The pastel of 1895 is exceptional, and Sotheby's expects $ 80M. This is the only version where the artist has included the poem, hand painted into the frame. The two friends are still there in the distance, but are not any more interested in the scene, leaving the main character lonely struggling with his own dehumanization.
This is the only one of the four artworks to be still in private hands, and it had been little seen outside Norway. It is illustrated on Sotheby's page announcing the sale.
POST SALE COMMENT
Ite missa est. In a few words, everything is told: world record for a work of art, $ 120M including premium.
Rarely a record has been so deserved: last original in private hands, this pastel also marks the top of the emotional maturity of the artist on this theme, with dazzling colors.
The image is shared by Wikimedia.
1902-1906 Watercolor Still Life by Cézanne
2020 SOLD for $ 28.7M by Christie's
He is a perfectionist of geometric projection. The paper is flat but the fruits are volumes that the light reaches through their middle. Breakfast utensils, such as a teapot or sugar bowl, are also convex.
The work begins with a drawing of the outlines on a sheet of paper. Each surface is filled with colors that reflect the lighting zones without overlapping. This phase should be intermediate but Cézanne is never satisfied : the finished product, which is oil on canvas, becomes scarce. His rare visitors, like Emile Bernard, are disconcerted by the complexity and slowness of his creative process. His reinterpretation of nature is so innovative that he creates modern art.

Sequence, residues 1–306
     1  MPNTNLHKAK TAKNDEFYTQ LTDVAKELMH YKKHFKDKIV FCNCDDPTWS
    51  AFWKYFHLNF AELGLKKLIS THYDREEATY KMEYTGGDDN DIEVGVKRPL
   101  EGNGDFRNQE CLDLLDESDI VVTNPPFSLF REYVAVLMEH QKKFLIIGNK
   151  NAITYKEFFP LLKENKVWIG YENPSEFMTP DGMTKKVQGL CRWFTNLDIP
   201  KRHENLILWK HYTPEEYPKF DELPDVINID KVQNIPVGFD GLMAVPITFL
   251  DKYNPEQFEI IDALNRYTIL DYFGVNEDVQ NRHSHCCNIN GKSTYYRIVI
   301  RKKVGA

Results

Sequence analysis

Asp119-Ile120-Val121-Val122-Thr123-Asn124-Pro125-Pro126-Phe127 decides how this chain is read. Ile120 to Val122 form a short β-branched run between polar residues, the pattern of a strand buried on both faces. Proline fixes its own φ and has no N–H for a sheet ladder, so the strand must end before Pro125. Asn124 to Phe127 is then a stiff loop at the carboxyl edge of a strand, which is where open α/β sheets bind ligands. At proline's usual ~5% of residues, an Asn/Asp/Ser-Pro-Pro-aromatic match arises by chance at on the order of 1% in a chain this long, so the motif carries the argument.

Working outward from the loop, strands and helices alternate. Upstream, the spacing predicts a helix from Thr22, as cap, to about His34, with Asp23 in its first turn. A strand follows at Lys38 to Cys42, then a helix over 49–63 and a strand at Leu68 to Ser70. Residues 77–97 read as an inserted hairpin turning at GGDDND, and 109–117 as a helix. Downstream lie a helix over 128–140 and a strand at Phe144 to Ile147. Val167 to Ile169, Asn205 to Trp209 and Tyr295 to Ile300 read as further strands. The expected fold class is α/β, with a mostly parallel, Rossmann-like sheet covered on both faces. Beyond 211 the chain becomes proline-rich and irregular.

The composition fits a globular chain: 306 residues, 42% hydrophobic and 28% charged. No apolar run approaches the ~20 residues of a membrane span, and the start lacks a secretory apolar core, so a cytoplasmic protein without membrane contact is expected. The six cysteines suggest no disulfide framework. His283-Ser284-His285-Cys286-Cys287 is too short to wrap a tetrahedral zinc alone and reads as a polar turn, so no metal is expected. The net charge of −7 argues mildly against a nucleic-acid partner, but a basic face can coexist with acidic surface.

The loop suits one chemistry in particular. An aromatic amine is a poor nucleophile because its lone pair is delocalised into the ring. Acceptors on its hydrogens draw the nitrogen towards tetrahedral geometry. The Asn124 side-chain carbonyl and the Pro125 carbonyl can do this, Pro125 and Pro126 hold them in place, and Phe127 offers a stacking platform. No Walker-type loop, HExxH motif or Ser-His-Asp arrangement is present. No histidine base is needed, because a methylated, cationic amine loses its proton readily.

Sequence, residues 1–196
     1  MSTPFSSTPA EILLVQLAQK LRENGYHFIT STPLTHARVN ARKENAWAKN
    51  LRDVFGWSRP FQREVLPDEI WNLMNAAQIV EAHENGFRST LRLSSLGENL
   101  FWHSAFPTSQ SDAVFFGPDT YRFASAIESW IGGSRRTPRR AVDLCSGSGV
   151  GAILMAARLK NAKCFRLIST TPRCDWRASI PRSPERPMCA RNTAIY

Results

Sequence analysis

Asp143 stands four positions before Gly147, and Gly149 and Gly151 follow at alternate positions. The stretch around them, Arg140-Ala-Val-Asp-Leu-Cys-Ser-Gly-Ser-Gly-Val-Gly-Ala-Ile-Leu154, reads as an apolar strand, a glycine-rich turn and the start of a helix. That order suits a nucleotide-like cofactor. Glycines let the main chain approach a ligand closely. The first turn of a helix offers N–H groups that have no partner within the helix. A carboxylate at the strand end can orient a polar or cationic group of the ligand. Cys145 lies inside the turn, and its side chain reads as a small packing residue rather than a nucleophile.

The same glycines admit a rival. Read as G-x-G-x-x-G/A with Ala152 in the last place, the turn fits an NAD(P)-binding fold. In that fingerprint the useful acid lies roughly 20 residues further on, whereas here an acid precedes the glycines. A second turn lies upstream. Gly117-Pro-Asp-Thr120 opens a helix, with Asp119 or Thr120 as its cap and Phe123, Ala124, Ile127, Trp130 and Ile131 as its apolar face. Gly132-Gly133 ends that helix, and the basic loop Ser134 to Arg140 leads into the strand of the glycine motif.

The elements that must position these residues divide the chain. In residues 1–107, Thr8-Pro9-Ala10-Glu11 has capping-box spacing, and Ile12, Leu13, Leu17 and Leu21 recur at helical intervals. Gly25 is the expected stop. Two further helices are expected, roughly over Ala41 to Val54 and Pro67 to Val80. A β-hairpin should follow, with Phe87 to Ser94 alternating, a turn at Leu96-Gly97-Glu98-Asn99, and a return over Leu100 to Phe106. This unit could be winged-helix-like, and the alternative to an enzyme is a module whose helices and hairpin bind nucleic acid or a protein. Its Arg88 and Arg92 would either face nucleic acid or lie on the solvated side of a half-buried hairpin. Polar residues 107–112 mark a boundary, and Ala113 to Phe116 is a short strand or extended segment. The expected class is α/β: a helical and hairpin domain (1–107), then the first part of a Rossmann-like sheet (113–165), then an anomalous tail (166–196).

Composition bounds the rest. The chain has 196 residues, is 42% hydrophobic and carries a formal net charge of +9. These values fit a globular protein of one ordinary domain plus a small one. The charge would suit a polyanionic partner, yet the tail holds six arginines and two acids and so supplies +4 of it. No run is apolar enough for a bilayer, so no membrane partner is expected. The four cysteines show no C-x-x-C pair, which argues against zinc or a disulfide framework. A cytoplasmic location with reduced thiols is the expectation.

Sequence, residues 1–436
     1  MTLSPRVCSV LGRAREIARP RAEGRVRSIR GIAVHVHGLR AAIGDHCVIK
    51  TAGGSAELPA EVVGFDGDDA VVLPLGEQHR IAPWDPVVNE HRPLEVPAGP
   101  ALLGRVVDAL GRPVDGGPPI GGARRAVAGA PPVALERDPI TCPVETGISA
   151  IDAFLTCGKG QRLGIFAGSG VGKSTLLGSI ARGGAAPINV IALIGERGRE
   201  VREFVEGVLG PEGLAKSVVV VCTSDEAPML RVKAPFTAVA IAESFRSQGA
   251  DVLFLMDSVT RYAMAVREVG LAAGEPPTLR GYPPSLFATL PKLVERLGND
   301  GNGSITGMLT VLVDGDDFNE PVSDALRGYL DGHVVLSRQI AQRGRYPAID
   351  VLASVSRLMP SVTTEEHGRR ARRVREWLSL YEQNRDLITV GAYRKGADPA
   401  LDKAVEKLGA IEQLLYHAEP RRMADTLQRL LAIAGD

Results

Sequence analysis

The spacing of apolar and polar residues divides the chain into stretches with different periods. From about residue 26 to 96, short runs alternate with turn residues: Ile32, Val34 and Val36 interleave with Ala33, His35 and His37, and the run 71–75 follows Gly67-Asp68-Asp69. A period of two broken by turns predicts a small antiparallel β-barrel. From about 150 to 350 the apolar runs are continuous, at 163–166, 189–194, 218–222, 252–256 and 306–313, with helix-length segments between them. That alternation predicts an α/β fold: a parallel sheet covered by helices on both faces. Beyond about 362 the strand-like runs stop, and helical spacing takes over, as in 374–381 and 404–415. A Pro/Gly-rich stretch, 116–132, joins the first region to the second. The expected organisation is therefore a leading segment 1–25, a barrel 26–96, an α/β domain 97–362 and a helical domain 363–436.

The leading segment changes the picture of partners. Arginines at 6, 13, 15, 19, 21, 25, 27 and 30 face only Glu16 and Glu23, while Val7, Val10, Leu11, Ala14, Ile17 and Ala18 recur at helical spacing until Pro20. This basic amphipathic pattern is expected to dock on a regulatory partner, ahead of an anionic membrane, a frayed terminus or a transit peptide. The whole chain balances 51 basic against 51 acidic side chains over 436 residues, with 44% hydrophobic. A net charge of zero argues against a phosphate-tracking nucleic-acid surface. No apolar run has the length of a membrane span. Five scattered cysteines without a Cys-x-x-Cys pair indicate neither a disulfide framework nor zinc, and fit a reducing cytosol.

On October 6, 2020, Christie's sold as lot 13 for $ 28.7M a still life in watercolor and gouache made in the largest paper size used by the artist, 48 x 62 cm. The focal point is the green melon, with its bright color and its central position in the image. It is however placed on the other side of the table, partially hidden by the milk jug and the sugar bowl.
Also from the last period of Cézanne, a Nature morte au melon vert is another close-up still life similarly focused on a green melon behind a goblet. This watercolor and pencil 32 x 48 cm was sold for $ 25.5M by Sotheby's on May 8, 2007 from a lower estimate of $ 14M, lot 8.